Gracious, every time I learn something new about the beginnings of the Anglican Church/Church of England/Episcopal Church (aren't they all various sub-sets of the same denomination?), I get more disgusted. People were bullied into that sham, and there were so many martyrs who remained loyal to the Church (you know, the actual Church, not the one started by a bratty, spoiled king).
Check out what Red Neck Woman tells us about Blessed John Davy:
Blessed John Davy († 1537)
By Red Neck Woman
John Davy, a Carthusian choir monk and deacon was one of ten religious of the order's London monastery, the Charterhouse, who on May 18, 1537 refused to join twenty of their fellow Carthusians in taking King Henry VIII's odious anti-papal oath of supremacy. Eleven days later, the ten were brought to a London prison, where they were chained in a standing position with their hands behind their backs, left thus to starve to death. After learning of their fate, Margaret (Gigs) Clement, an adopted daughter of the martyr Saint Thomas More, bribed the jailer to let her enter the prison. Disguised as a milkmaid, she placed bits of meat into the mouths of the starving monks and cleaned their cell. When after some time the king expressed surprise that the prisoners were still alive, the jailer, fearing the king's wrath, refused to allow Margaret to continue her missions of mercy. All but one of the men soon perished from hunger. John Davy died on June 8, 1537. Years later, on her deathbed, Margaret saw in a vision the martyred Carthusians she had fed standing round her, inviting her to come with them to eternal life.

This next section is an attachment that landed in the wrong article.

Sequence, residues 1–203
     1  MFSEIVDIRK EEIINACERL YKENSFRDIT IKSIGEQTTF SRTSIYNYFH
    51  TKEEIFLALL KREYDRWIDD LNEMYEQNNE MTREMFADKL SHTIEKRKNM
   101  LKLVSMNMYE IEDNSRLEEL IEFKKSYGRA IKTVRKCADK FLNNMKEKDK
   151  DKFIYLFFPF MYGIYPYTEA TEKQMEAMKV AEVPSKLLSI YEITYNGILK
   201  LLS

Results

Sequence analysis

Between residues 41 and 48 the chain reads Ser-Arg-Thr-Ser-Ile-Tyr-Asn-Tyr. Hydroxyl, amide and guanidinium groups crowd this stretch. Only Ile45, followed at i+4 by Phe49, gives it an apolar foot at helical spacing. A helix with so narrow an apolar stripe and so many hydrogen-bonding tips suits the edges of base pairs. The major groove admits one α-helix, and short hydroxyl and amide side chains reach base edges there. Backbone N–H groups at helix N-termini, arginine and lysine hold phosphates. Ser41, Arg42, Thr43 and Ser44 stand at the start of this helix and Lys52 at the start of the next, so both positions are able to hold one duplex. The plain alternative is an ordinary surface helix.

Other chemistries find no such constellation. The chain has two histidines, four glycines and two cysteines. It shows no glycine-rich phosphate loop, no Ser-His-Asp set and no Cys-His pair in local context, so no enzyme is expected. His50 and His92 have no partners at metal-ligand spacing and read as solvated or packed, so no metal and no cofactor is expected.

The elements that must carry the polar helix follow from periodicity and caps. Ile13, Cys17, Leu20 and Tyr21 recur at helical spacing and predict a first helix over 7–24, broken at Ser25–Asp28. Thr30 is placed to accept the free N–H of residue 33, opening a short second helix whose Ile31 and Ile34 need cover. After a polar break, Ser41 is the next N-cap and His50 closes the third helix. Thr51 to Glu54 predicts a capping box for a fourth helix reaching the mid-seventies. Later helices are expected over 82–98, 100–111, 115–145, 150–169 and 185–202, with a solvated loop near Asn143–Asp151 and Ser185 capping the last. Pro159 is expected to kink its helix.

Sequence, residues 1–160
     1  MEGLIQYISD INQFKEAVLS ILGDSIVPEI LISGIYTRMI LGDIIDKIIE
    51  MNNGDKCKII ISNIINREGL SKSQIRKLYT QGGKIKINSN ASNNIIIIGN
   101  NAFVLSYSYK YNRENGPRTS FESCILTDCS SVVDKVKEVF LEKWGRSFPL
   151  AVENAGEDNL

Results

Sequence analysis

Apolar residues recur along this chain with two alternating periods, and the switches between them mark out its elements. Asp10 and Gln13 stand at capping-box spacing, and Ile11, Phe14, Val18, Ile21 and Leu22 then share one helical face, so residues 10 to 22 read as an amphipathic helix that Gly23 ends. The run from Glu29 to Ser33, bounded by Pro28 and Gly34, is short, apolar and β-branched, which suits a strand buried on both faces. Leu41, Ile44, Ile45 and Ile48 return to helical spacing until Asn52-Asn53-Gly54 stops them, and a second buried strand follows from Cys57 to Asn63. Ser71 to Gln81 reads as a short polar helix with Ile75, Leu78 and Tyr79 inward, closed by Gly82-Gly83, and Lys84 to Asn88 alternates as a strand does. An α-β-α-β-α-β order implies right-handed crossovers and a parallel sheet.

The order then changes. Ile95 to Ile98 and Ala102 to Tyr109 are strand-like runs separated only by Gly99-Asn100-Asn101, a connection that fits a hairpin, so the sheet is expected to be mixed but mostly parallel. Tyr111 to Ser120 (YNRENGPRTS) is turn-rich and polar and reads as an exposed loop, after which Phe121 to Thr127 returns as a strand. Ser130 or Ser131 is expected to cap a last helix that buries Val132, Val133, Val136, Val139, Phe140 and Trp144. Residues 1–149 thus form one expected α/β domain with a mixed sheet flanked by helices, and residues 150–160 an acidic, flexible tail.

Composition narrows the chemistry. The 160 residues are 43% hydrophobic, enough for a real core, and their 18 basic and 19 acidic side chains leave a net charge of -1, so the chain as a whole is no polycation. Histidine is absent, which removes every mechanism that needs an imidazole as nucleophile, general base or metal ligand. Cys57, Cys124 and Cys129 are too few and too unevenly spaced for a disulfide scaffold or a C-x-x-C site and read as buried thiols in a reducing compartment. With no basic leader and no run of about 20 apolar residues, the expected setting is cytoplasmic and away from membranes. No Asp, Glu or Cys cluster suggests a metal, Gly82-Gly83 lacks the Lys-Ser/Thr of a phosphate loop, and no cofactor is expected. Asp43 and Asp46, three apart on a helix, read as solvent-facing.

You can read more about Henry XVIII here and here, and more about the Carthusians who were martyred here. New Advent's entry on the Church of England and Anglicanism is found here.
Jackie has been discussing the upcoming Walk of the Martyrs at her blog, Catholic Mom of 10. Sorry that I forgot! I've been reading the posts over as they've been coming, too. Silly me. Do pop over and check out her posts on the topic.